Periods of landscape development :
- 18th Century – fantasies of “retirement” (aristocratic rule, Rousseau)
- 1790s – Contentment
- 1800s – Documentary
- 1793-1815 Napoleonic War and patriotic representations
- 1815+ Nostalgia
- 1830+ Visionary
- 1830+ Social Conscience
- 1870+ Realism and Social Conscience
This is a typical eighteenth century pastoral landscape in the Arcadian tradition but with an extra rococo lightness. It is associated with fantasies of “retirement”, that is leaving the court for a rustic life of simple pleasures in nature.
Boucher, Shepherd piping to a Shepherdess c1750
Gainsborough, Girl Gathering Faggots (Daughter of the Abdy family) 1782.
This painting appeals to the idea of “charity”although the model for the girl was the daughter of an aristocratic family playing at being poor so this picture is also associated with retirement. At this time the aristocrats were in charge and the middle-class (or “middling sorts” as they were called) were a minor social category without the clear identity they achieved in the nineteenth century. Towards the end of eighteenth century it became more common to show the working class but associated with the idea of contentment. This idealisation was happening at a time, and perhaps because of,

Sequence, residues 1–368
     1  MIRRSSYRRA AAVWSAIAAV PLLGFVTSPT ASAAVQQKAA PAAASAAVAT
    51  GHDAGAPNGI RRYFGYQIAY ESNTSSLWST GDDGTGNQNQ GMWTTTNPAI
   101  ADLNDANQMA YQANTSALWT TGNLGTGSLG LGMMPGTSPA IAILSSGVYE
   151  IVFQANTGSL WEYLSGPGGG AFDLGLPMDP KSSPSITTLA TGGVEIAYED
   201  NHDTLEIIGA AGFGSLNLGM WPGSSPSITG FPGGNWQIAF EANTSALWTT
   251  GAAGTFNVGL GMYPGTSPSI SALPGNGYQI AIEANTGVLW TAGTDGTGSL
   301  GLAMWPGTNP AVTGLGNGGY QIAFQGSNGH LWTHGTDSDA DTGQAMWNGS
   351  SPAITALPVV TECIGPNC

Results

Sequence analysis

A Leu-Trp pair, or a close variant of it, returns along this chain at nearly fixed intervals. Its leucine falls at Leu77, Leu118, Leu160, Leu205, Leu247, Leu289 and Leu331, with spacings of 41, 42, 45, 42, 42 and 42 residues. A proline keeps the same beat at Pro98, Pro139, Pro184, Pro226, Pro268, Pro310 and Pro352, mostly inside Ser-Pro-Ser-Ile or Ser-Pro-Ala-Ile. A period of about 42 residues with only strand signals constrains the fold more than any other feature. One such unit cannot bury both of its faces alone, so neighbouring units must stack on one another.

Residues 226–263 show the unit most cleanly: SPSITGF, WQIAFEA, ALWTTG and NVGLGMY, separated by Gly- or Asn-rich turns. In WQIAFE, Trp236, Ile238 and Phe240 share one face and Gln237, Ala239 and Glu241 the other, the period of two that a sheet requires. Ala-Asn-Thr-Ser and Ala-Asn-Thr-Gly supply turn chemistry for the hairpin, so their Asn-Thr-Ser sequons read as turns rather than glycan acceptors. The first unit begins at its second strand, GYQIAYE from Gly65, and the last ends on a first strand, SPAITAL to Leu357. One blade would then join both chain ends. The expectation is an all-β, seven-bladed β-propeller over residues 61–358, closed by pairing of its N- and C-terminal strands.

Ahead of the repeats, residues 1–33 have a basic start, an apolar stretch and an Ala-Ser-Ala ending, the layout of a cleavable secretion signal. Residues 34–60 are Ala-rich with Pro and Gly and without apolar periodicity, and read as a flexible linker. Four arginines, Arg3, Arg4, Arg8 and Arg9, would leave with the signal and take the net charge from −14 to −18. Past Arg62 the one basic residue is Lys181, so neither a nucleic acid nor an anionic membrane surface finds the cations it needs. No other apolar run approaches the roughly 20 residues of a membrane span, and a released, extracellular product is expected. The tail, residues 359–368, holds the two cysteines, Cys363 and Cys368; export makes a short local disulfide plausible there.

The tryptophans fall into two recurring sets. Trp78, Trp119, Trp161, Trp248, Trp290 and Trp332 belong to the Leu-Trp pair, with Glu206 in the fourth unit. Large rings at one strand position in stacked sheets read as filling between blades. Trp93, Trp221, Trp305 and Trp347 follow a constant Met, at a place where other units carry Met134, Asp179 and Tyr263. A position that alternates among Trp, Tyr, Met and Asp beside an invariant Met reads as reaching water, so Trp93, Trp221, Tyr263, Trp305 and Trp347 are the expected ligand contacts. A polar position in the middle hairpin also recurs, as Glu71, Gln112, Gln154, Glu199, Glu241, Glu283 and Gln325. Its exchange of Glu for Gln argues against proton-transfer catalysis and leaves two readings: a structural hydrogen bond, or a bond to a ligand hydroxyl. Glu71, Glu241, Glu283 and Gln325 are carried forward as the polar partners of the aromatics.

the increasing social unrest, sacking churches, rick burning, riots and so on.
1790 onwards – Contentment Phase
This is the time of the French Revolution, increasing Enclosures Acts and the start of the Napoleonic War (1793). These form a sub-text against which all the paintings of the period should be seen.
Peter Simon after Thomas Gainsborough, The Woodman (detail), 1790,
stipple engraving, British Museum, London.
Gainsborough pandered to the taste for idealised poor but in later work like The Woodman and Barker’s The Woodman (below) we see signs of a more realistic view.
Barker, The Woodman and his Dog in a Storm c1787
Barker, Landscape with Figures and Sheep c1815